“The other Ed”?

Party figures hope all will come to be well between the Miliband brothers and Ed Balls.

My feature on the Labour leadership race so far, in the magazine out today, focuses on the brothers David and Ed Miliband. It mentions how, to the annoyance of some of Ed's long-time supporters, he used to call himself not just "the other Miliband" but "the other Ed", a reference to Ed Balls, with whom the younger Miliband worked closely first in Gordon Brown's office and then at the Treasury.

As reported in the piece:

One of the most memorable moments of the NS hustings came after Ed Balls produced a lengthy answer, preventing other candidates from joining in that particular discussion. Ed Miliband remarked: "It's like being back in the Treasury." Everyone laughed, apart from Balls, who did not even crack a smile. There was a sharp intake of breath from David Miliband. It was a lethal putdown from a politician whom some in the party had considered "too gentle" for a leadership campaign.

At the time, Ed Balls eventually responded: "Tell us what the answer is then, Ed, as you always do." The frosty exchange was a demonstration of how low their relations had reached, because they were once close friends.

David Miliband and Ed Balls never had much time for each other, serving as they did on opposing front lines of the Blair-Brown wars.

In the case of Balls and Ed Miliband, however, the breakdown of relations was gradual. Balls was for years seen as the dominant figure of the two, and saw himself as the natural successor to Brown. It was that self-belief that, after Brown became prime minister in June 2007, led the then schools secretary to press his master to replace Alistair Darling with Balls as chancellor, to the anger of some in cabinet.

There is no doubt Balls has had his eye on the leadership for some years. That is not ignoble, of course not. A highly rated former Financial Times journalist, Balls is credited with being the man behind independence for the Bank of England, one of New Labour's most eye-catching initiatives at the beginning of the premiership of Tony Blair, with whom Brown had a testing relationship.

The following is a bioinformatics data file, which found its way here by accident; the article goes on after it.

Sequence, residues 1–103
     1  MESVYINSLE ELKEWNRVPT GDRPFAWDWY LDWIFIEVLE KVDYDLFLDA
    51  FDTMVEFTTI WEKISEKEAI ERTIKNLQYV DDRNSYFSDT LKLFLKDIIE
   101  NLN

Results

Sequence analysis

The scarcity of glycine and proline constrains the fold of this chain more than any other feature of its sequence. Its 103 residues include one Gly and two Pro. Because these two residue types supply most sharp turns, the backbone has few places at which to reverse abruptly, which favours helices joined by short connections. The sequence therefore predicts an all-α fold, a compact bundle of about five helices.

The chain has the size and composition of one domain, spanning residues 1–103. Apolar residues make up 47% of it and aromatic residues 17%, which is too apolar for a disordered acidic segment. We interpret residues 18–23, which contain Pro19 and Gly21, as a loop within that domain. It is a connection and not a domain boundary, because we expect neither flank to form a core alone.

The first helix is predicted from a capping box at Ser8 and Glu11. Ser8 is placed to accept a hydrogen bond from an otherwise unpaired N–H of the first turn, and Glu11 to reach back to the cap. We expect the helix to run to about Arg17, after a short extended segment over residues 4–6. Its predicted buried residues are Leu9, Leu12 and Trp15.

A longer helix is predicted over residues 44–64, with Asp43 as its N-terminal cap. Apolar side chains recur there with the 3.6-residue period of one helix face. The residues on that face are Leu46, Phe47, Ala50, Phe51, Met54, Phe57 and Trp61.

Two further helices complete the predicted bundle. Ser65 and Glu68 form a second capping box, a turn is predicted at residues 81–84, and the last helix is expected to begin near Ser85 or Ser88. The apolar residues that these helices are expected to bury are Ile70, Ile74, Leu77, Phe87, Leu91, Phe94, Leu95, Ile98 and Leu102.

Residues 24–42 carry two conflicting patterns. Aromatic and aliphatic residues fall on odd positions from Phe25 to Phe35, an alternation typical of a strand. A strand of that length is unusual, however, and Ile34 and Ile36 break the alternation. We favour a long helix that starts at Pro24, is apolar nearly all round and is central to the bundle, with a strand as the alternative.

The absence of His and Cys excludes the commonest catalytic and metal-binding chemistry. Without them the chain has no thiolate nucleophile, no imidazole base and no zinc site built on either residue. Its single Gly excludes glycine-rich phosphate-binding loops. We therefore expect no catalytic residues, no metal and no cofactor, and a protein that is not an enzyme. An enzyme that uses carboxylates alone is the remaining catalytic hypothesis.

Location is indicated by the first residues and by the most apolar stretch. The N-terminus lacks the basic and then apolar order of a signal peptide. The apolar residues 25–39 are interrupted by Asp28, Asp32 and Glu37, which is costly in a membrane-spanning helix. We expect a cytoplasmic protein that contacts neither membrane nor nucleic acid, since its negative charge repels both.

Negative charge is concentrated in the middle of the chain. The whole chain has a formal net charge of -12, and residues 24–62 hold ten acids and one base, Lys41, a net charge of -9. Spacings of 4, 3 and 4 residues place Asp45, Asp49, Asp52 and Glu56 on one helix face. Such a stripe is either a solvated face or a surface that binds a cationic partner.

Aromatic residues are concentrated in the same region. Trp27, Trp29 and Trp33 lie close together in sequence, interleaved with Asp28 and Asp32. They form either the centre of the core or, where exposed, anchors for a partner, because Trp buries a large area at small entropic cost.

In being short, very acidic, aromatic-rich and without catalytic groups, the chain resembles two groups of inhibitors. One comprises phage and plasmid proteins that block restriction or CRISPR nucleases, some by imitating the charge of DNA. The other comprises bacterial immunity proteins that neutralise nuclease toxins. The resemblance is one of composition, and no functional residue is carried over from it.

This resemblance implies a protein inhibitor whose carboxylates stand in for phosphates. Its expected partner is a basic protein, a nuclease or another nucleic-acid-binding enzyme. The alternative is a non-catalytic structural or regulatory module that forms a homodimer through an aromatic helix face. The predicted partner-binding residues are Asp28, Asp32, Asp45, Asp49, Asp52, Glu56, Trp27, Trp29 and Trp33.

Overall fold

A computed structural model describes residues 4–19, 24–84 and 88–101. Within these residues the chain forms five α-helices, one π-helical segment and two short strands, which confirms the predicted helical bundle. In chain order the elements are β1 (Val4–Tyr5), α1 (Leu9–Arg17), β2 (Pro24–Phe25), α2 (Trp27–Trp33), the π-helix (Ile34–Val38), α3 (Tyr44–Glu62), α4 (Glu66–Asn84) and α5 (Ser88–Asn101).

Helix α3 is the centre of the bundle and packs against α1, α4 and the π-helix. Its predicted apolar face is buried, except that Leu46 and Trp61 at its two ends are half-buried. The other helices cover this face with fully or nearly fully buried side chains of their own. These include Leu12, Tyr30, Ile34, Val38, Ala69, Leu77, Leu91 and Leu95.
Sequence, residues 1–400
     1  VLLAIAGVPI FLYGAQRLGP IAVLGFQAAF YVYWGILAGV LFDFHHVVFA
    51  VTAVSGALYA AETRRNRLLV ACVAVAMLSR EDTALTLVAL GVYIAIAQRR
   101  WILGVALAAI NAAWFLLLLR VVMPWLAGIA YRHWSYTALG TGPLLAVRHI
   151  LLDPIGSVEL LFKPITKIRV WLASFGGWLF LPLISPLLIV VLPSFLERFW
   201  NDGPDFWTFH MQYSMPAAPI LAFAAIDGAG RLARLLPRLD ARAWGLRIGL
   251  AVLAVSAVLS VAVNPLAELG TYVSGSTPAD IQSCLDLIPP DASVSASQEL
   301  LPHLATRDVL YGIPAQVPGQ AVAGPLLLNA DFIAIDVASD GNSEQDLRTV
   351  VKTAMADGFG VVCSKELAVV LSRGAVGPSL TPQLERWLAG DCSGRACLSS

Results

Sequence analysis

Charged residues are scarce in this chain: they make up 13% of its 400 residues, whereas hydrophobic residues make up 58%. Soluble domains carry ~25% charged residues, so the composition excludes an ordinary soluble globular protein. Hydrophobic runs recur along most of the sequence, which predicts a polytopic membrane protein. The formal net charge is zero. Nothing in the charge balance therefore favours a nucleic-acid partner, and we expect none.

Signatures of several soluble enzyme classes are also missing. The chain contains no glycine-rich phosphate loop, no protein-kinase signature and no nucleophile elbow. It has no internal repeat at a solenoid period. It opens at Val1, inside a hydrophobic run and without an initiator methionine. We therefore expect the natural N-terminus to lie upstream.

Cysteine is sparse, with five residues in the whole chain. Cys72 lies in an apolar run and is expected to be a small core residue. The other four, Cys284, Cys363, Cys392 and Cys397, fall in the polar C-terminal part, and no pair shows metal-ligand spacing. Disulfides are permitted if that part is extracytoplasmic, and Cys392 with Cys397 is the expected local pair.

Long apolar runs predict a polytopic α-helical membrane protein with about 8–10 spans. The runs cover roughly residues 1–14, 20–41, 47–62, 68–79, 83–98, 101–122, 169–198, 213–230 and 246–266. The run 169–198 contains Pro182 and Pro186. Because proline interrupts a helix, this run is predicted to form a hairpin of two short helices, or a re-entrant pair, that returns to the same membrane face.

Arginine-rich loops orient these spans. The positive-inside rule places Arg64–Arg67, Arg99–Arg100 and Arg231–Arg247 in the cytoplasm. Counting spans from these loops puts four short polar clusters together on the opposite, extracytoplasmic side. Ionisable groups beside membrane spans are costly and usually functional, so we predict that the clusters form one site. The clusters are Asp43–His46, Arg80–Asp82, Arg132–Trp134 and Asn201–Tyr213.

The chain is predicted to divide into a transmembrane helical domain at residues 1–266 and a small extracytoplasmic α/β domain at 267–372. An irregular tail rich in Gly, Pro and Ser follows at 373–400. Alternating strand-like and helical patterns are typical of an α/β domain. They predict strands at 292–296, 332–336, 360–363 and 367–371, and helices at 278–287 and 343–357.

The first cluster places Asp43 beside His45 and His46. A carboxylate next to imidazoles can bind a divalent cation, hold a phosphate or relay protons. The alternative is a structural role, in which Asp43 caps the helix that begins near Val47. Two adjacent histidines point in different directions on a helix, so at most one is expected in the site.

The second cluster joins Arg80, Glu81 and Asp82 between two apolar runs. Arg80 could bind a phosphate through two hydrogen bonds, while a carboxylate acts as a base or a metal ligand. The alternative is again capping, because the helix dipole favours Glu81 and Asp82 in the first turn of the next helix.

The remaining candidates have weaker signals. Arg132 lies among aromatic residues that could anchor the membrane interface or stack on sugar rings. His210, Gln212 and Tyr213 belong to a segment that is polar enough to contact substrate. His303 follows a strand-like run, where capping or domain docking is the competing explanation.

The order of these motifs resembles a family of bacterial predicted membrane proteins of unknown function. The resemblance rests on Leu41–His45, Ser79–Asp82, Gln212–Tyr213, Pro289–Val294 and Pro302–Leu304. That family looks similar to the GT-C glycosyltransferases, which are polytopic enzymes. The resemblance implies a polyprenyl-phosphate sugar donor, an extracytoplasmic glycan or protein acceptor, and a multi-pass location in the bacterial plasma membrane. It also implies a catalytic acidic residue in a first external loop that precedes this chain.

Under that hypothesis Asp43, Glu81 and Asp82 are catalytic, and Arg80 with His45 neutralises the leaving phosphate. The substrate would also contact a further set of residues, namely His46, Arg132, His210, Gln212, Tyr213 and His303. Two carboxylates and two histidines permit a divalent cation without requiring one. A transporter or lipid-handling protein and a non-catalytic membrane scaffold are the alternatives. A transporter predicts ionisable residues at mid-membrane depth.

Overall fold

As chief economic adviser to the Treasury between 1999 and 2004, and later as economic secretary to the Treasury from 2006 until he was made schools secretary under Brown in 2007, Balls commanded heavy influence over British economic policy. But in other areas, critics accuse him of being a conservative tribalist, not just over a Labour Party that must now reach out to floating voters and those who voted Liberal Democrat without the intention of crowning David Cameron as prime minister, but also regarding himself.

"Instead of waking up each day and thinking, 'How can I help Labour win again?', Balls wakes up and thinks, 'How can I destroy my opponents?' " says one party figure. This may be unfair, but it was an undoubtedly combative tendency that led Balls, in the word of one minister present, to "savage" Ed Miliband when the latter was expressing opposition to building a third runway at Heathrow in cabinet in 2008.

According to one who knows both men, that was the moment their fragile old friendship ended.

But as in the case of the Miliband brothers, Labour's high command will be hoping that Balls's relations with the brothers will endure beyind this contest, too, for the sake of the party all three men undoubtedly love.